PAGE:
Decision makers sat on their hands while children died


Liam Stevenson of Time For Inclusive Education on their fight for justice for LGBT+ young people.

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30th March 2016 by TFN Guest 2 Comments

Almost a year ago, with no previous experience, I co-founded  co-founded  Time for Inclusive Education (TIE) - a campaign that is calling for LGBT+ inclusive education in all Scottish schools, in an attempt to tackle LGBT-phobia and it’s alarming consequences - such as one in four LGBT+ young people having attempted suicide as a result of bullying.

Recently, the SNP backed our proposals at their Spring Conference, and a manifesto commitment to ensure that schools are inclusive of LGBT+ is expected over the coming weeks, ultimately meaning that the next government should be the one to step up to the mark and get serious about tackling LGBT-phobia within schools.

This didn’t come easy though - TIE is completely unfunded: we have no corporate backers and no government grants; our campaign, thus far, has been self funded - with any donations being used to cover the cost of LGBT+ training courses for teachers. We began with nothing but some friendly media connections, a pasting table to set up stall, some flyers and a drive for change.

It is clear to me that the reason we have taken this issue so far and shaped the narrative in this field in such a short time is because of our campaigning style. 

Liam Stevenson

Liam Stevenson

Get straight to the point; don’t be cute - tell the truth, shame those responsible, grab the issue and shape the debate

We have, from the beginning, been very direct - our language blunt and to the point. We had no qualms in accusing decision makers of sitting on their hands whilst young children committed suicide; we shamed the government by publicly crowd funding to cover the cost of teacher training ourselves and we have always put the personal stories of those who have been directly impacted by the climate of heterosexism in Scottish schools at the forefront of our campaign. 

Whilst we publicly pushed the issue in the media and generated debate around LGBT+ inclusive education; behind the scenes, we were tabling motions with various national trade unions and securing the support of as many people as we could. Building connections with different organisers and movements is pivotal for any unfunded grassroots campaign - launching TIE would have been much more difficult without the help of Common Weal, for example.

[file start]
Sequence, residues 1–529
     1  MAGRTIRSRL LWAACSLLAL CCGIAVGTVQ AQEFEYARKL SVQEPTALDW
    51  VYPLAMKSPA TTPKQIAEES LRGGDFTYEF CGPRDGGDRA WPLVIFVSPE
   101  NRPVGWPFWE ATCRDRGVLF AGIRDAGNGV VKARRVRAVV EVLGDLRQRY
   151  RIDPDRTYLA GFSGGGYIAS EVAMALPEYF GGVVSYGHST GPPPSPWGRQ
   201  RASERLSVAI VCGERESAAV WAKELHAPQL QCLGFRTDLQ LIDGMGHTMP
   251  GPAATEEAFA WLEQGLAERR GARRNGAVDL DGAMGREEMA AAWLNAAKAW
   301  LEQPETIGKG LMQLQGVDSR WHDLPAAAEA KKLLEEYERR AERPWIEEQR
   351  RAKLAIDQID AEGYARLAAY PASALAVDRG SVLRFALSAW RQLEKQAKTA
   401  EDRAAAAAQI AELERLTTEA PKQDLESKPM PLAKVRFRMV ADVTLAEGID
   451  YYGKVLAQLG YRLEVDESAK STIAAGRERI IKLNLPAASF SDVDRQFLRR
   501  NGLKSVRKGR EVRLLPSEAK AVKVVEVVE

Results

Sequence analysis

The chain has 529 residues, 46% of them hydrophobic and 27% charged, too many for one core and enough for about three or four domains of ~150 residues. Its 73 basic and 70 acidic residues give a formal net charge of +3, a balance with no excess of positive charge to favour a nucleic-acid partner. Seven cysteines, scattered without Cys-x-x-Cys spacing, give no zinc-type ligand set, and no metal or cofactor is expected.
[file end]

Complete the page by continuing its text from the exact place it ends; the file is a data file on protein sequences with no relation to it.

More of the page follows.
The fact that we have no corporate stakeholders or government funding is one of our biggest assets - it has allowed us to steer the narrative and go further than any organisation or campaign in this field has before: we can say what the others can’t, because we have no strings and no income to protect. Sometimes, you need radicalism, as comfort zones are often difficult to vacate.

My advice to any fresh campaign tackling a hard issue would be to get straight to the point; don’t be cute - tell the truth, shame those responsible, grab the issue and shape the debate. Eventually, pressure will mount and support will grow to a point whereby you can no longer be ignored. 

At the SNP conference, I said that “the children of tomorrow must be allowed to grow up without the prejudices of today” - that is why, until our education system is fully inclusive of LGBT+ identities, we will continue with our campaign. 


1st April 2016 by Alan

Fair play to the campaign for staying independent. The issue itself, however, needs as much light as the heat it already generates.Mark McCormack's book, The Declining Significance of Homophobia: How Teenage Boys are Redefining Masculinity and Heterosexuality, tests the premise of TIE. I only heard about the report when listening to Peter McGraith on Radio Scotland. McGraith is fairly radical gay activist and not a patsy of anyone's establishment.The point is, I think, that well-gathered evidence is important in developing policy and changing practice.

11th April 2016 by Stephen O'Donnell

You have no idea what Inclusive Education is and clearly cannot draw a distinction between the idea of social inclusion and the idea of educational inclusion (accepting principles of physical and cognitive(curricular ) accessibility in education). This means changing the pitch, pedagogy, resources used and even disciplinary procedures to provide a meaningful education to as broad a range of children as is possible.If what you are doing does not fall into step with this please change the name of the programme so we can be clear on what it is and what it is not?TIE is another attempt to socially indoctrinate children into accepting the narrative of a self interest group. Schools can create their own curricular materials to deal with bullying issues.